Confronted with the threat of arrest, Weinberg ceased selling the book on the public sidewalks outside the United Center. Then Weinberg sought and obtained a temporary restraining order which permitted him to resume book sales outside the United Center and the parties agreed to have the case transferred to a magistrate judge. Both parties filed motions for summary judgment. The court denied Weinberg's motion but granted summary judgment on all counts for the City, finding that the ordinance did not violate the First Amendment. Weinberg appealed, claiming the ordinance violates his free speech rights. He bases his First Amendment attack on the Chicago ordinance on a myriad of theories, contending the law does not apply to book sellers, is not a reasonable time, place, and manner restriction, is void for vagueness, and violates the doctrine of prior restraint. Each of these is addressed in turn.

ANALYSIS

The First Amendment provides that "Congress shall make no law . . . abridging the freedom of speech, or of the press." U.S. Const. Amend. I. The Supreme Court recognized in Gitlow v. New York, 268 U.S. 652, 666 (1925), that this provision also applies to state governments under the Fourteenth Amendment. That the appellant sells his book for profit does not change the First Amendment analysis. "It is well settled that a speaker's rights are not lost merely because compensation is received; a speaker is no less a speaker because he or she is paid to speak." Riley v. National Fed'n of the Blind of N.C., Inc., 487 U.S. 781, 801 (1988). See also Ayres v. City of Chicago, 125 F.3d 1010, 1014 (7th Cir. 1997) ("there is no question that the T-shirts are a medium of expression prima facie protected by the free-speech clause of the First Amendment, and they do not lose their protection by being sold rather than given away."). We review a summary judgment determination as well as any questions of constitutional law under the de novo standard of review.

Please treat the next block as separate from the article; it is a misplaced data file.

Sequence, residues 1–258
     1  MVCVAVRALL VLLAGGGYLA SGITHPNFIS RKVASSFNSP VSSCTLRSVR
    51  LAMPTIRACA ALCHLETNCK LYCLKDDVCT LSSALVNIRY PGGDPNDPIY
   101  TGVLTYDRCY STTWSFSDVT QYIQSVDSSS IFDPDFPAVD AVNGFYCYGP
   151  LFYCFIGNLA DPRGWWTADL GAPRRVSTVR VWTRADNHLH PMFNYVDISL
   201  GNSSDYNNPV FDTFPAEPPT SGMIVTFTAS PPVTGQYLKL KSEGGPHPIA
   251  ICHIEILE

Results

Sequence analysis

Mr. Weinberg wishes to sell his book on the public sidewalks surrounding the United Center. Public sidewalks come under the designation of a traditional public forum. Frisby v. Schultz, 487 U.S. 474, 480 (1988). "[P]ublic streets and sidewalks have been used for public assembly and debate, the hallmarks of a traditional public forum." Id. See also Hague v. CIO, 307 U.S. 496, 515 (1939). When regulating First Amendment activity in a public forum the government has a difficult burden to carry. Perry Educ. Ass'n v. Perry Local Educators' Ass'n, 460 U.S. 37, 45 (1983). We have noted that "[g]iven their greater importance to the free flow of ideas, public fora receive greater constitutional protection from speech restrictions." Grossbaum v. Indianapolis-Marion County Bldg. Auth., 100 F.3d 1287, 1297 (7th Cir. 1996). Through this lens we now consider each of Weinberg's claims.

I. Interpreting § 4-244-147

Weinberg first argues that the ordinance at issue is inapplicable to First Amendment activity such as selling a book. Inherent in this point of contention is Weinberg's claim that printed material such as books cannot be included under the ordinance's definition of "goods, wares [and] merchandise." We will construe the municipality's law under state law. Brownsburg Area Patrons Affecting Change v. Baldwin, 137 F.3d 503, 507-08 (7th Cir. 1998). Illinois law states that "[w]here clear and unambiguous, statutory language must be enforced as enacted, and a court may not depart from its plain language by reading into it exceptions [or] limitations." People ex rel. Devine v. $30,700.00 United States Currency, 766 N.E.2d 1084, 1089 (Ill. 2002).

In making this argument, Weinberg fails to grasp that the plain language of the ordinance unambiguously states "no person shall peddle merchandise of any type on any portion of the public way within 1,000 feet of the United Center." Chicago Municipal Code § 4-244-147. *fn1 This language could not be more clear as to what is prohibited.

While its constitutionality is another matter, it certainly covers appellant's conduct. These words evidence a clear intent by the Chicago City Council to prohibit the sale of anything other than newspapers outside the United Center. A book, like a newspaper, comes under the designation of a "good." *fn2 Merchandise is generally considered as any tangible item held out for sale. There is little doubt that the City intended to include books under the guise of "goods, wares [and] merchandise." Weinberg asks this Court to depart from the ordinance and extend the newspaper exemption to cover books. Applying Illinois law, we cannot come to any conclusion other than that book ...